"It's completely business, so I get it. [The Cubs] haven't offered me anything because they know if they do, it's probably not something I would accept, so why make the offer? I get it.

"If you let that stuff bother you, you don't completely understand the sport, because that's part of it. They have to do what's in the best interest of the organization in the long-term. Is that spending money on me or getting a guy like [Jose] Quintana? They're going to try to establish a rotation without spending $30 million-plus a season, and maybe sign another bat. Who knows what they do?"

CHICAGO, IL - OCTOBER 11:  Jake Arrieta #49 of the Chicago Cubs reacts in the third inning during game four of the National League Division Series against the Washington Nationals at Wrigley Field on October 11, 2017 in Chicago, Illinois. (Photo by Jonath
Jonathan Daniel/Getty Images

That's more than the usual, out-of-my-hands, wait-and-see platitudes you hear from impending free agents. That's a guy who gets the business side of the game and is prepared to follow the money.

The Cubs owe 33-year-old Jon Lester $27.5 million in 2018 and 2019, $20 million in 2020 and $25 million in 2021 with a $10 million buyout.

Quintana's relatively affordable deal pays him between $8.85 million and $11.5 million through 2020 with a pair of $1 million buyouts in 2019 and 2020.

Right-hander Kyle Hendricks is entering salary arbitration after finishing third in NL Cy Young Award voting in 2016 and posting a 3.03 ERA in 139.2 injury-shortened innings this season.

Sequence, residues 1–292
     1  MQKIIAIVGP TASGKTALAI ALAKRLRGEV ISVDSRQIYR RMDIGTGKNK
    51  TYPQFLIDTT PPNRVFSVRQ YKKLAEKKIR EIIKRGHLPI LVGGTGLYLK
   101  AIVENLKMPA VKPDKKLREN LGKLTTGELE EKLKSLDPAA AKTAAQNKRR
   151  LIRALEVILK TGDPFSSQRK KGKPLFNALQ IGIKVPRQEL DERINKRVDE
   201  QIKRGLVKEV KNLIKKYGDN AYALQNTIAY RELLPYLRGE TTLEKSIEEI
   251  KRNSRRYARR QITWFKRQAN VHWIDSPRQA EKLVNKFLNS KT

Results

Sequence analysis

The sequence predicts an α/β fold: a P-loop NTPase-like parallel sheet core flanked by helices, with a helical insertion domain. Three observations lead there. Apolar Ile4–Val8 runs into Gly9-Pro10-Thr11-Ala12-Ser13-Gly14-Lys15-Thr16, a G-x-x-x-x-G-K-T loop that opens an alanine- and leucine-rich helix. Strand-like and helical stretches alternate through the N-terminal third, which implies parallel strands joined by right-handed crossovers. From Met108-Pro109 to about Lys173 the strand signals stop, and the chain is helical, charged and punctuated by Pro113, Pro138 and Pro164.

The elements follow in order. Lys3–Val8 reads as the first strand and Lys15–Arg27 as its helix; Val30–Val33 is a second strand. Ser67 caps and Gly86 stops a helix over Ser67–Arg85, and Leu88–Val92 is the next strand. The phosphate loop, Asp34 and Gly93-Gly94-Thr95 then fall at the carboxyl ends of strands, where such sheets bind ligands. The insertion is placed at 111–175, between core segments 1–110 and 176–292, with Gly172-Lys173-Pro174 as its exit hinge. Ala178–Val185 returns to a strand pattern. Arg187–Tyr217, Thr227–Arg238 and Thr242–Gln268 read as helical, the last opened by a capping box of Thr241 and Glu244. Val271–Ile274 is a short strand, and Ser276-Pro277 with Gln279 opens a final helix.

Each of the Cubs' top five prospects are pitchers, per MLB.com, but none appear ready to join the 2018 rotation. There's room for them to re-sign Arrieta. 

There will be competition for his services, however. The Dodgers, New York Yankees and Boston Red Sox—baseball's top three teams by payroll, per Spotrac—could all be in the market for a frontline starter. Others will be in the hunt.

CHICAGO, IL - OCTOBER 18:  Jake Arrieta #49 of the Chicago Cubs receives a standing ovation after being relieved in the seventh inning against the Los Angeles Dodgers during game four of the National League Championship Series at Wrigley Field on October
Jamie Squire/Getty Images

Sinking dollars into a starter in his early 30s carries risk. The Red Sox handed David Price a seven-year, $217 million pact before the 2016 season and have watched the decorated southpaw battle injury and inconsistency. 

On the other hand, the Washington Nationals signed Max Scherzer to a seven-year, $210 million contract in January 2015 ahead of his age-30 season, and he's likely to win a second straight (and third career) Cy Young Award.

A deal exceeding $100 million is in Arrieta's future. Boras and his track record will see to that. Maybe the Cubs will give it to him. More likely, someone else will.

He went out on a winning note in 2017, and he's about to be compensated accordingly.

Revel in that NLCS cap-tipping, Cubbies followers. It could be your final Arrieta moment.  

         

All statistics and contract information courtesy of Baseball-Reference